Two stories and a video to help us remember that there’s worse things in life than living with Republicans, even Teabagger Republicans. First, a lovely short piece in TNR by Mira Sethi:
When I met Malala Yousafzai last month in London, almost a year after the Taliban tried to kill her, she was sitting in a chair with her hands folded peacefully in her lap, like a person of influence accustomed to breathless inquiries. A red woolen shawl rested over the swoop of her thick black hair. When she smiled, it was hard to tell that her left jaw had been reconstructed. I had never met a 16-year-old so assured.
Of course, when she was on the Pakistani talk show “A Morning with Farah” in 2011, I had never seen a 14-year-old so assured…
“I don’t blame them,” she said when I asked her about the conspiracy theorists. “There is a severe dearth of leaders. The people don’t trust anyone anymore. They are constantly searching for answers, and there are no good answers, so I don’t blame them.”
Relatively open societies with a freer flow of information are less conspiracy-oriented than closed ones with controlled information. Which means that Pakistan—with its legacy of dictatorships and its smattering of high-profile state agencies that creep into every aspect of life, from tapping phones to kicking out foreign journalists whose reporting doesn’t quite sound the right notes—has a heightened sense of paranoia. As a culturally conservative society, Pakistanis are conditioned to secrecy. It’s how we grow up….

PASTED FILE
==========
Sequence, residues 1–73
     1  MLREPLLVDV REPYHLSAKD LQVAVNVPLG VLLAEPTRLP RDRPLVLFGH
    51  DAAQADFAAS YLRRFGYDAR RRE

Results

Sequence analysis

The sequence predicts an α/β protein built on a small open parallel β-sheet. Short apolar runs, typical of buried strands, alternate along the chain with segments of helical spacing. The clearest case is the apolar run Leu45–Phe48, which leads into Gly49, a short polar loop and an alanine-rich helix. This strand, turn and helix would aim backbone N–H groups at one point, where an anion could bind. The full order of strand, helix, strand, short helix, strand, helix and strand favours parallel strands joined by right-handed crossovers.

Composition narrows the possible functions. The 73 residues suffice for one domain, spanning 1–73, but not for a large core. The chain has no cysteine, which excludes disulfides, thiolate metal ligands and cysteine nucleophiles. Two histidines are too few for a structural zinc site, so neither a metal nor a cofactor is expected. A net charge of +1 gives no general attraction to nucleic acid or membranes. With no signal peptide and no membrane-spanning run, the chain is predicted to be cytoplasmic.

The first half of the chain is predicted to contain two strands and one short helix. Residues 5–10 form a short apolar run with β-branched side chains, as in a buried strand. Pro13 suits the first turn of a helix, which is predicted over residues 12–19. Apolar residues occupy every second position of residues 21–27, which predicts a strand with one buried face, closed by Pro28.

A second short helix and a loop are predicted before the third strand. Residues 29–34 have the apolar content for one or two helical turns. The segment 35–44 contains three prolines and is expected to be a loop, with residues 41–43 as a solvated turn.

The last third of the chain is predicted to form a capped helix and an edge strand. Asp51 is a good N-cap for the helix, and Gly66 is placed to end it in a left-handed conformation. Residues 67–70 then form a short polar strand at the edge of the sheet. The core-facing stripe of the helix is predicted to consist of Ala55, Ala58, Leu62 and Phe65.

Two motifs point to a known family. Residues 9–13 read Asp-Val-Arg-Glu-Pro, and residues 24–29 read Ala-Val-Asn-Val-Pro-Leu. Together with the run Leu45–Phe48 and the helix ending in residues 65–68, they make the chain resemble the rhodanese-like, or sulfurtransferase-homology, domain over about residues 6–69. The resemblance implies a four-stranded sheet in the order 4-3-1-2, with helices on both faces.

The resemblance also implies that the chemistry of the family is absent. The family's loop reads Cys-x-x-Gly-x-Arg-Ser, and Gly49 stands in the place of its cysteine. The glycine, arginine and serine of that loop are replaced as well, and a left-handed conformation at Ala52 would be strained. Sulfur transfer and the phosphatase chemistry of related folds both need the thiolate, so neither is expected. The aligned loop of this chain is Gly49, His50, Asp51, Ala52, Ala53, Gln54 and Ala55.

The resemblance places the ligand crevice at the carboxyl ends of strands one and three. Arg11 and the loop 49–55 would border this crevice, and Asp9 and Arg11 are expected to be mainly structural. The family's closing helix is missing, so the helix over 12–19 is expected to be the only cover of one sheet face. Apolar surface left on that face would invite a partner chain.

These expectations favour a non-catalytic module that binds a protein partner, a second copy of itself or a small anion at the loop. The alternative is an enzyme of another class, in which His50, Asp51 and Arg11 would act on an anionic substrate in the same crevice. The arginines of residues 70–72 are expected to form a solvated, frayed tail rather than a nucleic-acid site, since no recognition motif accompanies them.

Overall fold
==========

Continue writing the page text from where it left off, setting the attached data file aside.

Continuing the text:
And tne NYTimes has an 11-minute short documentary accompanying film maker Adam B. Ellis’s story:
There is a story to Malala Yousafzai’s improbable transformation from a quiet, deferential 11-year-old living near Pakistan’s tribal areas to a teenage spokeswoman for girls’ education. Malala, shot in the head by the Taliban last year, has been nominated for the Nobel Peace Prize, to be announced on Friday.
It begins with her determined father, Ziauddin Yousafzai, but gets pushed forward by intense news media coverage of her daring campaign. I met Malala in 2009, when she was determined to defy the odds and become a doctor. I spent six months making two documentaries about her life that helped bring her brave campaign to the world, transforming her into a public figure. After the Taliban tried to silence her, The New York Times wove the footage together into a single, 32-minute documentary.
Since the attack last October, I have at times struggled with a question journalists often confront: By giving her a platform, did I inadvertently play a role in her shooting?…
While my original documentary tells the story of Malala’s struggle for education in the face of the Taliban, this back story also raises some sobering and difficult questions. Malala was a brave young girl, advocating for a better future for all girls in her country, but was it fair for her to fight so publicly in such a dangerous environment? Or was she thrust into the limelight by adults captivated by the power of a child staring down the Taliban? …